• Battery charger (for camera)
  • Spare lightbulbs for flashlight
  • Waterproofing treatment for boots
  • Duct tape
  • Replacement lighter
  • Freezer-strength plastic zip bags (both quart and gallon sizes)
  • Contractor-strength trash bags

The Bounce Box

Making life on the trail just a bit easier

The lighter your backpack, the more pleasant your hike! Utilizing a bounce box, also called a drift box, provides a long-distance backpacker with flexibility while reducing packweight. And what could be better than that?

This content is accurate and true to the best of the author’s knowledge and is not meant to substitute for formal and individualized advice from a qualified professional.

Please Sign the Trail Register! - Your comments are appreciated

CherylsArt on June 10, 2014:

This is such a great idea and good for hikers to know.

liz-kibby on April 27, 2014:

Just what I wanted to find out! Thanks!

Valerie Bloom (author) from Pennsylvania, USA on November 04, 2013:

@jennifer88: Thanks! Just think of it as consecutive 4-day hikes!

jennifer88 on November 04, 2013:

Great advice! The longest hike I've done is 4 days but would like to do a longer trek one day. I'll remember this :)

Valerie Bloom (author) from Pennsylvania, USA on April 29, 2013:

@SteveKaye: What a great take on this system!

SteveKaye on April 29, 2013:

Great idea! We could also mail things home after the trip. Sometimes we will travel by Amtrak (saves gas and time). On those trips it would help to send some things ahead.

Valerie Bloom (author) from Pennsylvania, USA on April 01, 2013:

@writerkath: Wow! That's amazing! I always thought it would be great to experience the "trail magic" from the other side. Yes, I always bring food to share with thru-hikers when I'm out for a day hike, but having a home-base close to the trail must be simply incredible! Thanks!

NibsyNell on April 01, 2013:

This is an ingenious idea! :) Makes so much sense!

writerkath on March 30, 2013:

Wish I'd known you during your AT days - could have offered some trail magic! We can see part of the Gulfside Trail (Mounts Madison and Adams in the northern Presidentials in NH) from our house. We help thru-hikers all the time when we're in down in town (Gorham, NH). We know a lot of folks from the trail. Enjoyed this lens, and you offer great tips!

Valerie Bloom (author) from Pennsylvania, USA on March 25, 2013:

@anonymous: It's definitely one of those concepts that instantly makes sense but that very few of us would ever have come up with on our own. I know I never would have thought of it myself!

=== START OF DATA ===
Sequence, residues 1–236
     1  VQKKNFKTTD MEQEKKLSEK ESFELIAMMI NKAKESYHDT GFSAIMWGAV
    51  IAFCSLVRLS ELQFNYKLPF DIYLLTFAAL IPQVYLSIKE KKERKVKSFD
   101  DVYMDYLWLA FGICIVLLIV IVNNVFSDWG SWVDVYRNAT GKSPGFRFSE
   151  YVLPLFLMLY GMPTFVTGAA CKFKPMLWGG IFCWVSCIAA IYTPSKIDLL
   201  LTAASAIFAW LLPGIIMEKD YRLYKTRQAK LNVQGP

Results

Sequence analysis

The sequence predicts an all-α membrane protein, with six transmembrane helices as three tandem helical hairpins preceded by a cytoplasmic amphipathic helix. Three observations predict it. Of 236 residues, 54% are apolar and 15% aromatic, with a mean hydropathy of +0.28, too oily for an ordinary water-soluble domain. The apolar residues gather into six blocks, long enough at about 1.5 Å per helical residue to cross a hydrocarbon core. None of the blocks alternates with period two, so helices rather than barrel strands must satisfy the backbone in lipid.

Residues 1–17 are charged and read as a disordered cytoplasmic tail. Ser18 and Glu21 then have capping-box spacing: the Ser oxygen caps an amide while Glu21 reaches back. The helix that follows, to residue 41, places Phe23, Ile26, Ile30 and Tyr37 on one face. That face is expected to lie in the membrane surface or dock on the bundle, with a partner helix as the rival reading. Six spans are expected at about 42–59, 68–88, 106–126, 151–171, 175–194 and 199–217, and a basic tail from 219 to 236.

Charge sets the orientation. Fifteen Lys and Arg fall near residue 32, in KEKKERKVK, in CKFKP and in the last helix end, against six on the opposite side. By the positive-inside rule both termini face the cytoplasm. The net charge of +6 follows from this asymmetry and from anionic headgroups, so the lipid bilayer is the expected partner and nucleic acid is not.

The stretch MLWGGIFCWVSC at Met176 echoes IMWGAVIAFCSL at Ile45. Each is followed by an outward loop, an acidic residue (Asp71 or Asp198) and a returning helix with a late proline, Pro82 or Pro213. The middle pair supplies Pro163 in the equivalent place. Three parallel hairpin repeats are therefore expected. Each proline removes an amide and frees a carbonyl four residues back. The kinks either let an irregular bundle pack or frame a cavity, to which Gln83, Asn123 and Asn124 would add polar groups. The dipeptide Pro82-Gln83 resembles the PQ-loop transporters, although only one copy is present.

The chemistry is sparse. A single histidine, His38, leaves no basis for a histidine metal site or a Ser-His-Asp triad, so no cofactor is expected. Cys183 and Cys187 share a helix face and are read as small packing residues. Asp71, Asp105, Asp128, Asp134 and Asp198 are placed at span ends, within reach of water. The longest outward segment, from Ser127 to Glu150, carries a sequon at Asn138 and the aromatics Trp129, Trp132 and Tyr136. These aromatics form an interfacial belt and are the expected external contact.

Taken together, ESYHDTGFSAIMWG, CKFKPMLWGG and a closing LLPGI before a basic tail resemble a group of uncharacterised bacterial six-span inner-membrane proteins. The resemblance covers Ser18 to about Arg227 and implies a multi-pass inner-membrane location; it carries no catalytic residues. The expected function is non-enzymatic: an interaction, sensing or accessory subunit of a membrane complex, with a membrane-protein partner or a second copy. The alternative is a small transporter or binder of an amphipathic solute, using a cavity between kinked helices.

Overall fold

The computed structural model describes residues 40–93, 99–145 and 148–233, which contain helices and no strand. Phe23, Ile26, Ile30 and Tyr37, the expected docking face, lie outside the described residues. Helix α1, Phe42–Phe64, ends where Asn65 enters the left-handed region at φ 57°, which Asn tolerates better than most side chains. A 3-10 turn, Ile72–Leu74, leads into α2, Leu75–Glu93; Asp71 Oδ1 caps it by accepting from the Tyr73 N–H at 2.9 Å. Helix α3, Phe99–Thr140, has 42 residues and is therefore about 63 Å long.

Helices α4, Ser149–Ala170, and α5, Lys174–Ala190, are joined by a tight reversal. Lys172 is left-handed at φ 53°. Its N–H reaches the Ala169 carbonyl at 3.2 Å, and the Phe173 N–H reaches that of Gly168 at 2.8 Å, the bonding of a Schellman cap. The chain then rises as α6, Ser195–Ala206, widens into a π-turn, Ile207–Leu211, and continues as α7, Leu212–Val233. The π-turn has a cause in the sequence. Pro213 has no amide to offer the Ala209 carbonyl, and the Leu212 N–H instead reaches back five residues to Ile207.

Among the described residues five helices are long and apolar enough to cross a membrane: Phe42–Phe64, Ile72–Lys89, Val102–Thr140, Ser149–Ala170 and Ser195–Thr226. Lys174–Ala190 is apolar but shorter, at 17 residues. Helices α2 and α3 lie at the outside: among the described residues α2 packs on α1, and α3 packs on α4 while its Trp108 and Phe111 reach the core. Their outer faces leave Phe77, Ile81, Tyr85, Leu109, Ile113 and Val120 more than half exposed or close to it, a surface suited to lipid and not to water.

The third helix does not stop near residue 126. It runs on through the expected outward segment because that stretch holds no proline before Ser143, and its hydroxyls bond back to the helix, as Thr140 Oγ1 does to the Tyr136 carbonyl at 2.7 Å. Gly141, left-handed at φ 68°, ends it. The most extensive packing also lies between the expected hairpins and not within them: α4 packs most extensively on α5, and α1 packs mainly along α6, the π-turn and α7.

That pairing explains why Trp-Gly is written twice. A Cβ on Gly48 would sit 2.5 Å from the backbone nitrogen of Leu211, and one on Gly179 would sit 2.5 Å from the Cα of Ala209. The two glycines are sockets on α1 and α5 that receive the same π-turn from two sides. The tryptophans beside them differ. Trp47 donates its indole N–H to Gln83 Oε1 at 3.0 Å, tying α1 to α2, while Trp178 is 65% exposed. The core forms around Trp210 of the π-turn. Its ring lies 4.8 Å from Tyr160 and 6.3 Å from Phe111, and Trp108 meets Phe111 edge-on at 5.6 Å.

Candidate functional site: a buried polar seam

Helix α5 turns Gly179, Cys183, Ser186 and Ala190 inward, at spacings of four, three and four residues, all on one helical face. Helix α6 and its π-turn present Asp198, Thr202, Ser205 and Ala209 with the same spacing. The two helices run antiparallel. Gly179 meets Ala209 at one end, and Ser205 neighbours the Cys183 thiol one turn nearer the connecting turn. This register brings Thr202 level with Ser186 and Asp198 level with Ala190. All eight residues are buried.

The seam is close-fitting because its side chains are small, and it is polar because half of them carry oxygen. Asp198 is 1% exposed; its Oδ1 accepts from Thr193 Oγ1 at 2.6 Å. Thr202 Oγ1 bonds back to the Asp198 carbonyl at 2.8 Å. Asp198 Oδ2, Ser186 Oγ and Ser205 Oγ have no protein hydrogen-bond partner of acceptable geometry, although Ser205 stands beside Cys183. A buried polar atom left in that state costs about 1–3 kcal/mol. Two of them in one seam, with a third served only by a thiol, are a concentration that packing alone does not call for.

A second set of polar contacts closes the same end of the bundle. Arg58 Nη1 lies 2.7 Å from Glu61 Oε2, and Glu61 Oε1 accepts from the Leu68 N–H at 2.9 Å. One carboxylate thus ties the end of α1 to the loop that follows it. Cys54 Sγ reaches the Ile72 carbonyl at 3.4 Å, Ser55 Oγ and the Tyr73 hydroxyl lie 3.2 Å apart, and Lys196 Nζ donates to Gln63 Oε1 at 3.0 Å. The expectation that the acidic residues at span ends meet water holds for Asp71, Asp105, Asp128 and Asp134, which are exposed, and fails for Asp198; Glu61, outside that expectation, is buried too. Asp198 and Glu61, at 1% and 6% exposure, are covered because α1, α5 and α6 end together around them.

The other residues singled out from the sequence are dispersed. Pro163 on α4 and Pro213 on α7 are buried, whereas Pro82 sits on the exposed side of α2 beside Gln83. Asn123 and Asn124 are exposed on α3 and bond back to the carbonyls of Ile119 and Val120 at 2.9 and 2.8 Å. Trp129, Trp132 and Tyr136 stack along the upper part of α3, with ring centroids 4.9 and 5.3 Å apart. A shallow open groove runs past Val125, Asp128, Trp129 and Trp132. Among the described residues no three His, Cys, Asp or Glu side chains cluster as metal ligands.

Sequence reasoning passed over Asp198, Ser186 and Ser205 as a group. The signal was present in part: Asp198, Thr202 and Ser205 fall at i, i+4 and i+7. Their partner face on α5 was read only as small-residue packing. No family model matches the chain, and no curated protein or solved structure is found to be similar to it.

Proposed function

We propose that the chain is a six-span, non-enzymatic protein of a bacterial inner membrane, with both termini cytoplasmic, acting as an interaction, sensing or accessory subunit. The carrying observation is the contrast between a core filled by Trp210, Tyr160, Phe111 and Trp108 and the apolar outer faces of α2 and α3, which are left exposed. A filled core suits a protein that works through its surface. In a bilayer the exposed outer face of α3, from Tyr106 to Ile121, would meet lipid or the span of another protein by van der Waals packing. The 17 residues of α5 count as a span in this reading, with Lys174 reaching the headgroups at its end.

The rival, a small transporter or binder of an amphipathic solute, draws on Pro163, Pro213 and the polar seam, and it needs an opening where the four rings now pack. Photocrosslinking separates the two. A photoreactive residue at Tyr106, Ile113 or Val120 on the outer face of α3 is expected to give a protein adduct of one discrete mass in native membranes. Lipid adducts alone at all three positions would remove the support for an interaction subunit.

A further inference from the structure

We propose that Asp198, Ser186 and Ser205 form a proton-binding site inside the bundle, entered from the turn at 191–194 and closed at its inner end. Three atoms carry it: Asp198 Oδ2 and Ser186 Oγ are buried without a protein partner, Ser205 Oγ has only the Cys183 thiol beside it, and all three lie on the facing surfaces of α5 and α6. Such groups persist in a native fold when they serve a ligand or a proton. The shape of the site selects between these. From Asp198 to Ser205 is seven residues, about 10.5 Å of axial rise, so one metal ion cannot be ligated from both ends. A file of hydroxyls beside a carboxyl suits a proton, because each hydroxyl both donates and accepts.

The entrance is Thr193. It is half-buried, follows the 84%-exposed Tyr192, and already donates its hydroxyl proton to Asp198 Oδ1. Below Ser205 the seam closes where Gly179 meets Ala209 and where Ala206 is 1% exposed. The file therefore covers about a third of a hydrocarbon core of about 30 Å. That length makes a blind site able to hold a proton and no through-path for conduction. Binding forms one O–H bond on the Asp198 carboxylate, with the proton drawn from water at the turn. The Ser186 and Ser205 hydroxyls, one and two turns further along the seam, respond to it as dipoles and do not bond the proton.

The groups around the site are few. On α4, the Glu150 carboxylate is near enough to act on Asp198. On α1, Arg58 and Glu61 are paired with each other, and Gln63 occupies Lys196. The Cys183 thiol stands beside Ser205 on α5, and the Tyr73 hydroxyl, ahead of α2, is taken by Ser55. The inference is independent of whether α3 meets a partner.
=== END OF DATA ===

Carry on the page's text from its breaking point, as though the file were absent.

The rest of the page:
anonymous on March 24, 2013:

I've never heard of sending a bounce box. This is a smart idea. I enjoyed this lens.

Takkhis on March 24, 2013:

I like the idea! It is a helpful lens :)

com2 on January 02, 2013:

I know hikers did this but did not know the details, thanks for the info.

Susan R. Davis from Vancouver on November 06, 2012:

I had no idea you could do this thing with a bounce box. What a clever idea.

xriotdotbiz lm on June 30, 2012:

We had a lot of fun in college discussing the old "Hold Until Called For" service of the USPS. Then I read of people using it just as you mentioned on the AT, didn't know it had a name. Great tips for backpackers.

Valerie Bloom (author) from Pennsylvania, USA on April 20, 2012:

@tricomanagement: Thanks!

tricomanagement on April 17, 2012:

great information - love it! Have to go back and add something to your list

William Leverne Smith from Hollister, MO on April 11, 2012:

Neat lens with very useful information. Thanks for sharing! ;-)

anonymous on April 09, 2012:

What a great idea I am sure backpackers will appreciate the tips

Valerie Bloom (author) from Pennsylvania, USA on April 05, 2012:

@SophiaStar LM: I'm glad you enjoyed it, and thanks for referring your friend to this lens! I have several other lenses about hiking and backpacking, too!

SophiaStar LM on April 04, 2012:

This was really very interesting! Helpful for those who love thru-hiking. I have never done it myself but I have a friend who is looking into giving it a go, I will have to send him here to read your lens!

Valerie Bloom (author) from Pennsylvania, USA on April 04, 2012:

@Diana Wenzel: There is certainly a lot of differences between the AT, CDT, and PCT! Very different thru-hiking experiences. I've only done hiked the AT, but I'm fascinated by stories of the other long trails!

Valerie Bloom (author) from Pennsylvania, USA on April 04, 2012:

@SusanDeppner: Thank you! I'm glad you enjoyed the lens.

Valerie Bloom (author) from Pennsylvania, USA on April 04, 2012:

@anonymous: Yes, there's nothing like hiking with a full pack to help you realize what you don't need!

anonymous on April 03, 2012:

What a great idea. I've only done a weekend hike on the AT, but learned a lot about what not to bring. We donated several things to a shelter on the way.

Beverly Rodriguez from Albany New York on April 03, 2012:

This is new to me....great idea and well done lens.

Treasures By Brenda from Canada on April 02, 2012:

Brilliant idea, I'd never heard of a bounce box either.

Susan Deppner from Arkansas USA on April 02, 2012:

I've never heard of a bounce box, but it makes perfect sense. Great information here for anyone planning a long hike. Love that you included how to address the box, as well as the reminder to thank the post office staff. Very helpful!

Country Sunshine from Texas on April 02, 2012:

It's been years since I back-packed, and had never thought about sending myself a bounce box! Great idea. Thanks for sharing!

Renaissance Woman from Colorado on March 30, 2012:

I don't know how thru-hikers would make it without a bounce box. I'm currently reading a book about two thru-hikers on the Continental Divide trail (_Where the Waters Divide_). They really had challenges finding provisions in the more remote areas along the hike. Finding clean drinking water was the biggest challenge for them.